(This article was originally published at Statistical Modeling, Causal Inference, and Social Science, and syndicated at StatsBlogs.)
I’ve seen what John has posted on this so far and it looks very reasonable to me. The paradox is that “reasonable” and “scholarly” are not as exciting as “soap opera.”
Nonetheless, I recommend the book to those of you who are interested in politics. My advice: if you want a gripping, edge-of-the-seat story with larger-than-life characters and fly-on-the-wall dialogue, pick up a good novel. If you want to understand the election, pick up Sides and Vavreck. (Also read Red State Blue State for some historical background!) Ultimately, I think you’ll get more enjoyment from your favorite novel plus Sides/Vavreck than you would from reading some dramatic journalistic treatment of so-called pivotal moments during the campaign.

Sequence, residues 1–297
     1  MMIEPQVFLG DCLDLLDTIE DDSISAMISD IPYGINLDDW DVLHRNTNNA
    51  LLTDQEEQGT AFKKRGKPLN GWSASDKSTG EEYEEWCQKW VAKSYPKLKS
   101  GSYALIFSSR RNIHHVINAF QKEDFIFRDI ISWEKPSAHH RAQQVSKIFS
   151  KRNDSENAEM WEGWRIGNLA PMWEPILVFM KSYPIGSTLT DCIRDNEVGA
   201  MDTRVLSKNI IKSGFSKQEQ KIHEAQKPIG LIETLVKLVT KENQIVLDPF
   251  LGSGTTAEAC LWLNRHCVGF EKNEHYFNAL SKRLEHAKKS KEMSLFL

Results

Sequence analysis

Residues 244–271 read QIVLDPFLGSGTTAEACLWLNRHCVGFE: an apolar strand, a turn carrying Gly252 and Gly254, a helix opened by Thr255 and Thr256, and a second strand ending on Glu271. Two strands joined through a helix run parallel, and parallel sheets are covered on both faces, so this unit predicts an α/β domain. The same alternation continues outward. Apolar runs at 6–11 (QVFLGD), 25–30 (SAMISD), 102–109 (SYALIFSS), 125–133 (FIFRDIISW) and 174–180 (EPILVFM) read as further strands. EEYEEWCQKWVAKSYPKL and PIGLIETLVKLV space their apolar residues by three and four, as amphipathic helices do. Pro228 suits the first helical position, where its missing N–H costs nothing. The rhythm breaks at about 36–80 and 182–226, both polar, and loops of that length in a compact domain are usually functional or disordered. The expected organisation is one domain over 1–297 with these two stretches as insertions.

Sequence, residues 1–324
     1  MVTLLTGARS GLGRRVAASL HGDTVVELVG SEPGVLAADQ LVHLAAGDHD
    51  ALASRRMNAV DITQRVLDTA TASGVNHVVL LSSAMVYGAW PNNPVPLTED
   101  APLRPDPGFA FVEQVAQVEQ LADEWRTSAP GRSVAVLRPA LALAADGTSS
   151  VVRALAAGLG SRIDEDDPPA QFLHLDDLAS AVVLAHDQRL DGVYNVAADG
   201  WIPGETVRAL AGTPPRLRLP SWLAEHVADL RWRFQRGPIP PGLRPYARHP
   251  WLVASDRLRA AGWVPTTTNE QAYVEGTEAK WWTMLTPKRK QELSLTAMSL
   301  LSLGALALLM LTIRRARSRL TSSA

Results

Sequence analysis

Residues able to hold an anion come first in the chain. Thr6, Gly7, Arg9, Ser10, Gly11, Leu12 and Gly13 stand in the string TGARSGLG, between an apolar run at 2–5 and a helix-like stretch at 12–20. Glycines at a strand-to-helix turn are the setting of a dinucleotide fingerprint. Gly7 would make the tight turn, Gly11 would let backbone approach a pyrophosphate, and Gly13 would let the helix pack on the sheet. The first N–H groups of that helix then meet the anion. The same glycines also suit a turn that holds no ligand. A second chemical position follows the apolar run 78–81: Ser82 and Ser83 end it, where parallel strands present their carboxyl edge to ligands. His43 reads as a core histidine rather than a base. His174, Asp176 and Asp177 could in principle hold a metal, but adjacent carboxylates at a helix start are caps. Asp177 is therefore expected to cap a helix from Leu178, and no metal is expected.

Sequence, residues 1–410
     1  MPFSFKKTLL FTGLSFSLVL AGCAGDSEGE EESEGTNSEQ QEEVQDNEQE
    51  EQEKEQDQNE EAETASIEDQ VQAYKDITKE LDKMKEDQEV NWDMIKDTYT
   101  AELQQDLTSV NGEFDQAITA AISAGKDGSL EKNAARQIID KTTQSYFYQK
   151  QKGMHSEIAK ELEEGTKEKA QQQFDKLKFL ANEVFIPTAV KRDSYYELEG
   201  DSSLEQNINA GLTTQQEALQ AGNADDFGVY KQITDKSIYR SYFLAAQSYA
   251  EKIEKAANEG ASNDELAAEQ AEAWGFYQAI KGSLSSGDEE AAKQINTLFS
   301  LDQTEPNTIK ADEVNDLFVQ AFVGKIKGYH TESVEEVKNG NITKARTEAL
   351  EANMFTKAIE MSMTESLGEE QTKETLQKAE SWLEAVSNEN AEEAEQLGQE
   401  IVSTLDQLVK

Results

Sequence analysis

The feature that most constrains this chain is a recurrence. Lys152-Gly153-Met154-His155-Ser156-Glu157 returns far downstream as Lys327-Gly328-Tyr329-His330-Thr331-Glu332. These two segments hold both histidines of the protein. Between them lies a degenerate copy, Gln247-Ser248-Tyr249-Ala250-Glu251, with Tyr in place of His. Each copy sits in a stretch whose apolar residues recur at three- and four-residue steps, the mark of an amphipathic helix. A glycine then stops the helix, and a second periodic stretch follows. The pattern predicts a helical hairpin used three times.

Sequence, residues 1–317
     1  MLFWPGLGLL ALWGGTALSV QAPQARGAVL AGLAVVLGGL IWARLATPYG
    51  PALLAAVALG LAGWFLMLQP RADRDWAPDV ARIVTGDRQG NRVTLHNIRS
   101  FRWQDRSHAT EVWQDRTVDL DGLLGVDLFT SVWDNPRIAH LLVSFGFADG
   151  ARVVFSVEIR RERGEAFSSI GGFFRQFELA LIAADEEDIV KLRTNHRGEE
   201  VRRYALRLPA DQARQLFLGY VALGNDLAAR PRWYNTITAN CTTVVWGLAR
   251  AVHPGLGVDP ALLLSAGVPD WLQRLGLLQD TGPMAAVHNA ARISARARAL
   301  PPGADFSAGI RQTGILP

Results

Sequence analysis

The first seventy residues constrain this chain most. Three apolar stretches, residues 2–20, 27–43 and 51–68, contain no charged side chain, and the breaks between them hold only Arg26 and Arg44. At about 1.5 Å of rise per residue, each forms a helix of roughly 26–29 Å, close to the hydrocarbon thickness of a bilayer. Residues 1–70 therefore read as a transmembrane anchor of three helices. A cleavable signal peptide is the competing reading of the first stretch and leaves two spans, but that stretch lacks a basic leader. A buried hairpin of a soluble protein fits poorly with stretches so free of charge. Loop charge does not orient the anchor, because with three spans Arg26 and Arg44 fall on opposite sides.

In the future (and, to some extent, even now), I hope and expect that journalistic treatments of elections will be informed by political science understanding. It should be possible to go back and forth between politics, personality, and policy. Personality matters—not because voters care about charisma etc., but because politics is not just about winning elections, it’s also about the one-on-one interactions needed, first to climb the greasy pole and, second, to make policy once you’re at the top.
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